Wednesday July 24, 2024

Experts share two cents on Pakistan Economic Survey 2023-24

Finance minister's presser hints at how much improvement expected in fiscal year 2025, says expert

By Web Desk
June 11, 2024
A vegetable vendor (L) attends to a customer at a market in Islamabad on June 3, 2024. — AFP
A vegetable vendor (L) attends to a customer at a market in Islamabad on June 3, 2024. — AFP

Pakistan's gross domestic product (GDP) witnessed a growth of 2.38% in the outgoing fiscal year unexpectedly as it was estimated to increase by 2%, said Finance Minister Muhammad Aurangzeb on Tuesday.

While unveiling the Pakistan Economic Survey 2023-24, he underlined that the agricultural sector growth was the highest in 19 years, becoming a pivotal cruiser behind economic growth in FY24. 

It grew by 6.25% in FY24, driven by 16.82% growth in key crops like wheat, rice, and cotton, the documents revealed.

With an increased revenue collection of Rs9.8 trillion (41% higher year-on-year), the fiscal deficit was confined to 3.7% of GDP during the nine month of FY24 against last year's same period’s deficit of 3.6%.

To achieve fiscal consolidation in the FY25 budget, the government will try to maintain prudent expenditure policies and focus on increasing revenue through policy reforms.

Moreover, in the medium term, the inflation rate for FY25 and FY26 is projected to normalise due to improvements in the agriculture sector and anticipated favourable global and domestic conditions.

Experts share their their views on the survey:

Revamping FBR structure

Alpha Beta Core CEO and economic analyst Khurram Schehzad, while speaking to Geo News, said that the finance minister's presser gave hints as to what would happen in tomorrow’s budget and how much improvement should be expected in the fiscal year 2025.

Schehzad said, while referring to the government's plans to revamp the Federal Bureau of Revenue (FBR) said: "After digitalisation, two outcomes are expected: one simplification of the tax system and second, no harassment of our taxpayers so that the collection is conducted with a centralised approach."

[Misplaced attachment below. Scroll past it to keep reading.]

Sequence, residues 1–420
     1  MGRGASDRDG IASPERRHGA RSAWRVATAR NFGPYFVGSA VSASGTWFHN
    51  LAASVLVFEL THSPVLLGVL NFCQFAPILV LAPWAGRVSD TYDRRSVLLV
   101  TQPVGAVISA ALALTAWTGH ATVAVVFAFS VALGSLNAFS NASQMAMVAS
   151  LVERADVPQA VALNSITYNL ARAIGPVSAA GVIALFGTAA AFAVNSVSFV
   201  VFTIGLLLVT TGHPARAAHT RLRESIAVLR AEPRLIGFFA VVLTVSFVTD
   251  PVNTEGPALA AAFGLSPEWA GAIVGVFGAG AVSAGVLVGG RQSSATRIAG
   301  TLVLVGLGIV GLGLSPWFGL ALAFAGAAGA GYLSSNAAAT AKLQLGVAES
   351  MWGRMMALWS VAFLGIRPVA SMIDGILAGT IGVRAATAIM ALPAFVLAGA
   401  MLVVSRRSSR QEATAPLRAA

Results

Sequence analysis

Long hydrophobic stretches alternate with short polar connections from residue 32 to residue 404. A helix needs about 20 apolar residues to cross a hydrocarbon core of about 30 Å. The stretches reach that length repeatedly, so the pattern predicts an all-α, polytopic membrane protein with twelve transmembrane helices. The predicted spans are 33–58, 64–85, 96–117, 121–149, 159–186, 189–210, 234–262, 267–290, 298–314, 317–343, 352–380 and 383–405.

"The measure came as those who pay taxes are harassed and those who don’t, are not even updated in the system. The minister also highlighted that everyone has to pay tax which indicates that the sectors they have been emphasising such as real estate, agriculture, wholesale, retail and trade. It shows that they will be brought into the tax net."

The CEO also said that among the two key sectors highlighted by FinMin are technology and agriculture.

"There would be attempts to increase exports of these sectors as we can see agriculture and technology have driven the exports. It shows that not much taxes would be imposed on these sectors. Or maybe they don’t impose a tax on exports at all, giving an example of China as what our neighbour needs."

"Beijing should be provided with agricultural producers and this is how we could export our technology," the analyst said.

"He [finance minister] pointed out about building of reserves without debt, which means the remittances inflow were bought from the market by the State Bank so that our reserves could be built, rating agencies could review our position and our outlook become improved so that our chances with the IMF could get better with good conditions."

Schehzad also added that all these indications point to a balanced budget.

The public sector is capable of doing wonders, the analyst said, while conceding with the opinion shared by Minister Aurangzeb during the press conference, adding that because the government has only one responsibility, which is to provide a friendly environment and a level playing field to all the actors no matter who the investor is.

CAD decline, high remittances inflow